Sunday, November 22, 2009

The first sine of madness!

One of the most useful trig function in 3D that's applied often in dynamics, rigging, or even modeling is the Sine function. It is a good clean way to get a rhythmic flow while at the same time easy to control for offset and do useful math for animation.

So I'm here to talk about 4 ways to create the sine function in Maya each with it's benefit and drawbacks.


This is by far the easiest way to create the sine function in Maya, it's clean, fast, and easy to read creation makes this, probably the most used way to make the sine function. But there is a debate about when and how an expression should be used.

People like Aaron Holly and Jason Schiffer had talked about sometimes it's better to make a node net work insisted of writing an expression because the nature of expression "could be" heavy at run time.

You see when an object’s attributes are accessed via a MEL script, Maya does not make connections for the relevant attributes of the nodes, so the directed graph evaluation process is bypassed. In order to ensure that the value of expression's target is consistently up to date, the Evaluation option must be set to Always so that the evaluation can be triggered when necessary.
So for the expression to work it needs to be evaluated every frame and can slow down the scene.

2. Set-Driven-Key

This is kind of a "hack" way to get the sine function to work in Maya, it is lite to use and won't slow down the scene but it does not give the absolute true value of the sine function just a very close one, This doesn't take too long to setup but could get messy.

The basic idea is we are going to create a simple version of the sine function by having an input value(a channel) that's in degrees, being the driver it will set-driven-keys anther channel from 0-360 which than will outputs values from 0,1,-1,and 0. Set that animation curve to cycle pre and post infinity you got yourself a simple sine curve.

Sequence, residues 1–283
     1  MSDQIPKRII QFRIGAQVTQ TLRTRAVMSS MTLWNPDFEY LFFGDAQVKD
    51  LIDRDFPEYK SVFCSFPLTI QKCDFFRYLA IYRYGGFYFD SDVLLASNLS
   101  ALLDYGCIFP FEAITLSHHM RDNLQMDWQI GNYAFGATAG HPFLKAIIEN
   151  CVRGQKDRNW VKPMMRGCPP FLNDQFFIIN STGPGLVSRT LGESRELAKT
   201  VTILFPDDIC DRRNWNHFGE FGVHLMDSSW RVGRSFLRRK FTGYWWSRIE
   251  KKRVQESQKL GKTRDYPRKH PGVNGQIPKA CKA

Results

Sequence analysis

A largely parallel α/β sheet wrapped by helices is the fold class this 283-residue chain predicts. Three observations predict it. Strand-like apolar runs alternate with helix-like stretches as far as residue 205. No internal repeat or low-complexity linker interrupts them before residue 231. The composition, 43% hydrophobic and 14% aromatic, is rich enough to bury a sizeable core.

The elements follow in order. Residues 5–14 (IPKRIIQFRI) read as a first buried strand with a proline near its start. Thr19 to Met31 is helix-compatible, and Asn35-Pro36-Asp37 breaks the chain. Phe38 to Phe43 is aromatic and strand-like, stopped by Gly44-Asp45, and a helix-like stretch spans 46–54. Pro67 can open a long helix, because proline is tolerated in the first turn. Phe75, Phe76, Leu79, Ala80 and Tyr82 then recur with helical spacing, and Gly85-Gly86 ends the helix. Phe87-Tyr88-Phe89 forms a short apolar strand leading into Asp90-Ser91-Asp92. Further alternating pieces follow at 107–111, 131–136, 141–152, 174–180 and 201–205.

This is very much a "hack" way to get the sine function, this was shown to me by a very clever fellow by the name Alon Gibli who is an amazing rigger and technical artist.

So what this is trying to do is to create the closest sine function without using an expressions. First make a multiply-divide node with the degrees being the input -input 1 (x) divide that by 360 so the degree value is normalized to the ramp value of 0-1. Connect the output 1 (x) to v-cord of the ramp. Set the ramp to a 0,1,-1,0. The output color of the ramp should be the function. Of course I was made aware that this could cause bugs to come up in Maya. But it is a pretty useful way to create the sine function

4.Trig model

This is by all means the least practical way to create the sine function, it takes a long time and has a very unnecessary "involved" way to setup. But it is a somewhat correct way to find the sine function that is unique enough for me to show it.

This method tries to create the a triangle in side a Maya circle but first you will need.
a circle radius of 1
a plane that sits horizontal in the middle of the circle
and two locators

The circle of course has a radius of 1 will be the hypotenuse, a locator is snapped on the the circle (name it locator 1) and will be grouped to a null object with it's the origin at the center of the circle. Rotating that null-group will move locator 1 in a circular motion creating the opposite.

Create another locator (name it locator 2) that's point constrain to the first loactor but at the same time geo-constrain to the plane creating adjacent side. "Note this only works because Maya treats geo-constrain differently than a normal, parent, point, etc constrain."

Finally Make a distance node that's between locator 1, and locator 2. So whenever the null-group is rotated in degrees the distance-node will give out the sine-function.

Of course these are not all of the ways to create the sine function in Maya, plug-ins such as (Mathematic Nodes) are very helpful. But if you have a good way to create the sine function please share.

1 comment:

  1. Sine has some nifty applications too - my friend has an awesome foot setup he uses based on sine!

    Generally I set it up with a ramp node (I have an aversion to expressions XD) but I want to try the trig model that you posted at some point...